New Eye Procedure — the Intraocular Implant — Offers Alternative to Lasik

HOLYOKE — For Dr. Kevin Hulseberg, a little patience paid big dividends for his patients.

Although in May, Hulseberg became one of the first Western Mass. physicians to perform a new version of an operation known an intraocular implant, he didn’t rush into learning the procedure when it was first developed in Europe a few years ago. The state-of-the-art process involves correcting nearsightedness by implanting a synthetic lens between the iris and the natural lens of the eye.

“It’s really new to our area,” said Hulseberg. “It’s only been around for about a year and a half in the U.S. and a bit longer overseas. But we wanted to wait before doing it so any potential problems would be worked out. We wanted to make sure it was something that would benefit our patients.”

Hulseberg’s approach clearly has paid off. On May 14, he performed two of these procedures at Holyoke Medical Center, and both have been successes. Just a week after the procedures, both patients were able to pass the Massachusetts driver’s license eye test without wearing contact lenses or glasses. And it’s not just the recovery time that is speedy: the procedure itself only takes 15-20 minutes and is done on an outpatient basis. The recovery after implantation is quick, with most people returning to their normal activities within one to two days. Both eyes are done in one session.

“The vision may be a little blurry the first day after the surgery, but after that it gets progressively better,” Hulseberg said. “I’m excited it’s working out well. It’s another alternative for those who don’t want Lasik.”

Hulseberg performed the first procedure of this type on his daughter, Sara Hulseberg, 25. Sara said she was able to return to her job as a physical therapist the very next day after the procedure, and had 20/20 vision within four days.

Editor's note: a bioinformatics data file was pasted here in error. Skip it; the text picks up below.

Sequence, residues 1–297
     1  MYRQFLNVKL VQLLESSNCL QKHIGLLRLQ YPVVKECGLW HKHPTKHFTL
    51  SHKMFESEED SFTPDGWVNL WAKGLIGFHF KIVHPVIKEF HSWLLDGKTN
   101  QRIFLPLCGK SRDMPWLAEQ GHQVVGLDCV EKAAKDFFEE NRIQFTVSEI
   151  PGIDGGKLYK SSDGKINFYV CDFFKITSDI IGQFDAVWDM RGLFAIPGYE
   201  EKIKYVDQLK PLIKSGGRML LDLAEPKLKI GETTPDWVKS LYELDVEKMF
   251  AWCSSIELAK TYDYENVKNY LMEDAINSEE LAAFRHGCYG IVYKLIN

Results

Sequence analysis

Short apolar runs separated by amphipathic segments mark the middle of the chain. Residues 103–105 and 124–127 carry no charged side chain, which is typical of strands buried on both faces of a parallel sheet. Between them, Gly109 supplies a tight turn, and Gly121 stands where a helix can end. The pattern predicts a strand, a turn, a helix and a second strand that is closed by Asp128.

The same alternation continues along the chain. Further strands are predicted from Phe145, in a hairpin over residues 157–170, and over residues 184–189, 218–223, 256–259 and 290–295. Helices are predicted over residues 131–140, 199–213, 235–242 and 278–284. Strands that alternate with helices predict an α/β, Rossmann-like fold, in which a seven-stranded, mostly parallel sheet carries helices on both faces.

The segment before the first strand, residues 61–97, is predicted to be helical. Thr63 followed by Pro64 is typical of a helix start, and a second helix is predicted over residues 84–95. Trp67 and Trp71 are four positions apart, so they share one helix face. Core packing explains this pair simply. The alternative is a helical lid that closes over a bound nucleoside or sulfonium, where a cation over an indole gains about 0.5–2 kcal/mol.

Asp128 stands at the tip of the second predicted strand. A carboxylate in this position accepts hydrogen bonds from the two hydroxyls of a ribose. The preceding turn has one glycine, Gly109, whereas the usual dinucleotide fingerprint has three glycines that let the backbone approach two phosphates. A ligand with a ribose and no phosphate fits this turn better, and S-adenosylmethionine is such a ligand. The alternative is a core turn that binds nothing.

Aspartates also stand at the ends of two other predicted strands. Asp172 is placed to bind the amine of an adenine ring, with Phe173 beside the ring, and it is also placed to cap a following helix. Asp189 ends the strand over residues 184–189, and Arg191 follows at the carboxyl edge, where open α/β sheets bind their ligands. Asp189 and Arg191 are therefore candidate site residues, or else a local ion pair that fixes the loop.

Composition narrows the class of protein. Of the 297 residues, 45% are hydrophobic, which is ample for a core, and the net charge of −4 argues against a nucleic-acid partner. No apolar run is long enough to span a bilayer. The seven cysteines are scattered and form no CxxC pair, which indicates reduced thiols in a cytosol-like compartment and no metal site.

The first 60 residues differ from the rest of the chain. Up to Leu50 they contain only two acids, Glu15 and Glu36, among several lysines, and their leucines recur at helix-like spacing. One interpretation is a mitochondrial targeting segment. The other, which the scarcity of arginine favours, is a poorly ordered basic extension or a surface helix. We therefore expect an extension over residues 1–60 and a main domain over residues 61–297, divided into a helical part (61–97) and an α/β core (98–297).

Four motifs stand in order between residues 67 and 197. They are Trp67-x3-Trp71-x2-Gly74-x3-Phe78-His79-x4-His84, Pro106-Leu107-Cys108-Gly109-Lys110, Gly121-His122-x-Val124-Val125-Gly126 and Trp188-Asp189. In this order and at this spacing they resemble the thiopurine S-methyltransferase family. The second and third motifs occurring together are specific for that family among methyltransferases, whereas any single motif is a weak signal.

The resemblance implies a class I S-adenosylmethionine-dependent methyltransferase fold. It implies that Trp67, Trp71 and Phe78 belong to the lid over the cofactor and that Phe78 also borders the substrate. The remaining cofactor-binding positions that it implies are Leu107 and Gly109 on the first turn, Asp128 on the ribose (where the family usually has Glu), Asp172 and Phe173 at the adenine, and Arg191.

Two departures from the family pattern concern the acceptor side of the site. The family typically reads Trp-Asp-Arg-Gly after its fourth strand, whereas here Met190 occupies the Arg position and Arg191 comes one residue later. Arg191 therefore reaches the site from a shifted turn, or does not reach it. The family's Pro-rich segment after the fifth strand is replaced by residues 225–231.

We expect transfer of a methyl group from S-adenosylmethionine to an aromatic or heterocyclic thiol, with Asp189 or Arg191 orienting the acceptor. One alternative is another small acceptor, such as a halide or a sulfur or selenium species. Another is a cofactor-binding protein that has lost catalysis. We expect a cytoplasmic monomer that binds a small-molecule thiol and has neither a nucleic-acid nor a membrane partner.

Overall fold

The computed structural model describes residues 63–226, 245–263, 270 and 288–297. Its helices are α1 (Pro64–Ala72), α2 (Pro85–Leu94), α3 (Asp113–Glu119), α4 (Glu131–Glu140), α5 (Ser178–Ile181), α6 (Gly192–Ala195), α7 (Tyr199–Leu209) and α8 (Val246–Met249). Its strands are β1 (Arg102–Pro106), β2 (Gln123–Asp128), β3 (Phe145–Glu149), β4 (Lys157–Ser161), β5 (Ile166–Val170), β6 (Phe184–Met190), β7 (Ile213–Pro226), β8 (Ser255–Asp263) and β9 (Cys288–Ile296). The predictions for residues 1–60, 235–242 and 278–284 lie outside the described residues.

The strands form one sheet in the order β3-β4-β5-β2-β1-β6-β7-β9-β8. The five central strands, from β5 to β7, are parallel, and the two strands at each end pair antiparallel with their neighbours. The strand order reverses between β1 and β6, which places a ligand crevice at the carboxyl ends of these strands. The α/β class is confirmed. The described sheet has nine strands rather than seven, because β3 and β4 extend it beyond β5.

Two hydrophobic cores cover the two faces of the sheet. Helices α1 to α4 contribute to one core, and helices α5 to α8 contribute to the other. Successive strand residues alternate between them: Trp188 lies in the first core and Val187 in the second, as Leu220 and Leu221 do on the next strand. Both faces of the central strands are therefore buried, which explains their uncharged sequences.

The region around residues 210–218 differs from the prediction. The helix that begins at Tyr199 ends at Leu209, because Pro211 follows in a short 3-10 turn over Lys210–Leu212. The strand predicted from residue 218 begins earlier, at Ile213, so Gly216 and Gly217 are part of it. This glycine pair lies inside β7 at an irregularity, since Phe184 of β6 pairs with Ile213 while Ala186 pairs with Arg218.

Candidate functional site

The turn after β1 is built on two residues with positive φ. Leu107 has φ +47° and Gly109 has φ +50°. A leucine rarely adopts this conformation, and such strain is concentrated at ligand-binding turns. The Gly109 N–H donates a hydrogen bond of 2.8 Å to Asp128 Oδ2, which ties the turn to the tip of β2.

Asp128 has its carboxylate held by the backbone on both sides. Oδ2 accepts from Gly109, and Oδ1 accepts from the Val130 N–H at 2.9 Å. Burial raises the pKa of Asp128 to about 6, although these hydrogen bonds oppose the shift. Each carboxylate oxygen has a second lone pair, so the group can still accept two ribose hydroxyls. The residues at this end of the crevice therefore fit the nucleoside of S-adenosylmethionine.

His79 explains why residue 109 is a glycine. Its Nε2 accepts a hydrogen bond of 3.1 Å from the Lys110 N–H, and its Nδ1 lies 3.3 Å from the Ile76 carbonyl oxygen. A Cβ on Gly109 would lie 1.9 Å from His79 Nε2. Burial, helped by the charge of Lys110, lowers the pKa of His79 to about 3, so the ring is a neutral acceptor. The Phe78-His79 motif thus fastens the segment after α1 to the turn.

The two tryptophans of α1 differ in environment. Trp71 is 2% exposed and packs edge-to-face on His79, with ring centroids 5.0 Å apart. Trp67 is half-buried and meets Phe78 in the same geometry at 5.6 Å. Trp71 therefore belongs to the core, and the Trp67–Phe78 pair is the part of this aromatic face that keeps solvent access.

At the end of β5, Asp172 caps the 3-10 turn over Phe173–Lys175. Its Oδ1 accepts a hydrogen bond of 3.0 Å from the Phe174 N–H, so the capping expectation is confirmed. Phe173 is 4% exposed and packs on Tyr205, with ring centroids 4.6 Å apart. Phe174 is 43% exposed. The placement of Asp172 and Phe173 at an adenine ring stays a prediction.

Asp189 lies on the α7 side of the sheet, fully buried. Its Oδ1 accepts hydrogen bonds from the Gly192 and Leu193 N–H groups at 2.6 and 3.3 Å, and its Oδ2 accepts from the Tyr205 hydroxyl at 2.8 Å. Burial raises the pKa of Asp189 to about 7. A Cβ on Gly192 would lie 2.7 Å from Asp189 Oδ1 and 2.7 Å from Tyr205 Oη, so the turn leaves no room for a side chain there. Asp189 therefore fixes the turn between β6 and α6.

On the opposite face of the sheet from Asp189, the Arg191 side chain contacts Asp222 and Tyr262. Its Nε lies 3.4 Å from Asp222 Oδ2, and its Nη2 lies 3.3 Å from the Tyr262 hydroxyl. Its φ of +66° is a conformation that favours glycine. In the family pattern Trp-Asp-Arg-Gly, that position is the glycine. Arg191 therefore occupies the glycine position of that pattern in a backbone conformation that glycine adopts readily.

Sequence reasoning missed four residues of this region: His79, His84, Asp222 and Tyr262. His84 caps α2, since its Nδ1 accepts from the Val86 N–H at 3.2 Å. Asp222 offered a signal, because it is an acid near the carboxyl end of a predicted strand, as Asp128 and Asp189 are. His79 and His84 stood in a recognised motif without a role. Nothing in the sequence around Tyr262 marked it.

“And my vision was pretty bad before,” she said. “I was legally blind without contacts or glasses.”

Dr. Hulseberg took a certification course for the procedure earlier this year. It was a natural progression for him, he said, as performing an intraocular implant is very similar to cataract surgery.

“The incision is the same as standard cataract surgery, but you don’t have to remove anything,” he explained. “I just slide the lens into the space between the iris and natural lens. The lens is made out of a polymer material that is bio-compatible, so it doesn’t cause any inflammation or irritation of the eye.”

The procedure is an alternative to Lasik surgery, which, although safe and popular, can have a downside.

“With Lasik, you have to use a laser to change the shape of the cornea, and this can sometimes weaken the cornea,” Hulseberg said.

This new version of intraocular implants is also a step up from the original way they were done. The older procedure involved clipping the synthetic lens to the iris, which meant physicians had to make a much bigger incision. This sometimes could lead to irritation in the eye and distortion of the iris.

About one in four Americans, or approximately 75 million, is nearsighted.

Hulseberg said the best candidates for intraocular implants are nearsighted people age 21-40. After 40, people become presbyopic (a condition of aging that causes diminished eyesight due to a loss of elasticity of the crystalline lens), and there are other medical technologies that would serve them better, Hulseberg said. Studies have demonstrated that the majority of patients undergoing this type of surgery achieve significant increase in uncorrected visual acuity (i.e., vision without use of glasses or contacts).

For more information on the procedure, call (413) 536-8670.

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